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VTB Bank (Russian: ПАО Банк ВТБ, former Vneshtorgbank, lit. foreign trade bank) is one of the leading universal banks of Russia. VTB Bank and its subsidiaries form a leading Russian financial group – VTB Group, offering a wide range of banking services and products in Russia, CIS, Europe, Asia, Africa, and the U.S.

JSC VTB Bank
ПAO
Traded asMCXVTBR
LSEVTBR
IndustryBanking
Founded1990; 29 years ago (1990)
HeadquartersMoscow, Russia
Area served
Russia, CIS, Europe, Asia, Africa, U.S.
Key people
Andrey L. Kostin
(President and Chairman of the Management Board)
Anton Siluanov
(Chairman of the Supervisory Council)
ServicesFinancial services
RevenueIncrease RUB 468,6 billion (2018)[1]
Increase RUB 214.4 billion (2018)[1]
Increase RUB 178.8 billion (2018)[1]
OwnerFederal Agency for State Property Management (60.9%)[2]
Number of employees
77 200 (2018)
RatingBa2 (Moody's), BB+ (S&P) (2017)[3]
WebsiteVTB.com
Old logo

VTB was ranked 446th on the FT Global 500 2012,[4] The Financial Times’ annual snapshot of the world's largest companies. It climbed to 210th in the ranking of the 500 largest companies in Europe, the FT Europe 500 2014,[5] and to 127th in the FT Emerging 500 2014, the list of the 500 largest companies on the world's emerging markets. The Moscow-based bank is registered in St. Petersburg and came 66th in the British magazine The Banker’s Top 1,000 World Banks in terms of capital in 2014. Also it has won “Bank of the Year in Russia” in The Banker magazine’s “Bank of the Year Awards 2018” awards.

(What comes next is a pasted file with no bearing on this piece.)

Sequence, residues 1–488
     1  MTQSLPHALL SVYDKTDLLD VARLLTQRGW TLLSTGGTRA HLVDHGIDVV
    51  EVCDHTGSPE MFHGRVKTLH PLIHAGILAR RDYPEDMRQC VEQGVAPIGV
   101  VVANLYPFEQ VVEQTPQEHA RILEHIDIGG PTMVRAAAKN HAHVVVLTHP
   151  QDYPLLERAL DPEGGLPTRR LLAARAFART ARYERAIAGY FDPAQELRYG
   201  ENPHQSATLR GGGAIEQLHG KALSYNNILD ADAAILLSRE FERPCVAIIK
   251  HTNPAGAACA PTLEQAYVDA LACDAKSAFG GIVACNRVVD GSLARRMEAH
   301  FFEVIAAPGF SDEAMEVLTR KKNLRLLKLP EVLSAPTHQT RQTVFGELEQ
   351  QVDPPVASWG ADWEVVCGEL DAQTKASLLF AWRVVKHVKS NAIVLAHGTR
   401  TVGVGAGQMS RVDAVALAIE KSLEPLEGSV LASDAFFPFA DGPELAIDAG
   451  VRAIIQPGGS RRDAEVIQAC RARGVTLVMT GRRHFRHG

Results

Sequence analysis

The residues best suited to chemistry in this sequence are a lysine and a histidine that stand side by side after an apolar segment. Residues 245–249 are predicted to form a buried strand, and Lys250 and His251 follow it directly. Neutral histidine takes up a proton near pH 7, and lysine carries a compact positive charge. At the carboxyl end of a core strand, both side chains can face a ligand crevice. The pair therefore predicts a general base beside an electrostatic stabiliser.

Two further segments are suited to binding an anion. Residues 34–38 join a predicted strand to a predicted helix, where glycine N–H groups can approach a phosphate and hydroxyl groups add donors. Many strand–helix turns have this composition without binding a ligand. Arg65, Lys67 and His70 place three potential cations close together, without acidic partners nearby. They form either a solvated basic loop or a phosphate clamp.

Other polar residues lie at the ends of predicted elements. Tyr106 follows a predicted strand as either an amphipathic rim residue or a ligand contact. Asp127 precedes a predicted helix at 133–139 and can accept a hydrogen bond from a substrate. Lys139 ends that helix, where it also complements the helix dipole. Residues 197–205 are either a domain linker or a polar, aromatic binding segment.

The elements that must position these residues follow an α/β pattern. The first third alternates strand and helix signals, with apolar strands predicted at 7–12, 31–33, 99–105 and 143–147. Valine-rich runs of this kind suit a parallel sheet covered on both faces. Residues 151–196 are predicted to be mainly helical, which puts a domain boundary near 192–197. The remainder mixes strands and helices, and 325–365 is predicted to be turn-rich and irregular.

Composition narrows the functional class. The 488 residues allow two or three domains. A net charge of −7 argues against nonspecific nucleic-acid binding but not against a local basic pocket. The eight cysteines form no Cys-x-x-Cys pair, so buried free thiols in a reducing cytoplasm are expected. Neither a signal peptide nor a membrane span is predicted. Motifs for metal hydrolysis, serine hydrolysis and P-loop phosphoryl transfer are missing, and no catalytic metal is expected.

Contents

HistoryEdit

VTB Bank was founded as Vneshtorgbank in 1990 with the support of the Russian State Bank and the Ministry of Finance. It was set up as a limited liability company with the aim of servicing Russia's foreign trade operations and promoting Russia's integration into the global economy.[6]

In 2004, the bank acquired a majority stake of 85.8% in Guta Bank, which was reorganised into a retail bank, Vneshtorgbank 24 (VTB24).[7] The bank also acquired the Armenian Armsberbank, which was later renamed VTB Armenia.[8] In 2005, the bank acquired 75% plus three shares of the Promstroybank (PSB), which was reorganised as Bank VTB North-West and later became VTB's North-Western Regional Centre,[9] and bought the Ukrainian bank Mriya, which was later merged with VTB Bank (Ukraine).[10]

In 2007, the bank set up a subsidiary in Angola known as VTB África.[11] The bank also took over Slavneftebank in Belarus and later renamed it VTB Belarus.[12] In June, VTB became the first Russian bank to offer an initial public offering (IPO), raising $8 billion in what became the largest international banking IPO at the time.[13]

In 2008, the bank acquired a 51% stake in AF Bank in Azerbaijan from AF Holding International, later renaming it VTB Azerbaijan.[14] In 2010, the bank's board approved the phased acquisition of TransCreditBank from Russian Railways.[15] In 2013, VTB carried out a secondary public offering (SPO) which raised 102.5 billion rubles ($3.3 billion) and diluted the Russian government's share in VTB from 75.5 percent to 60.9 percent.[16]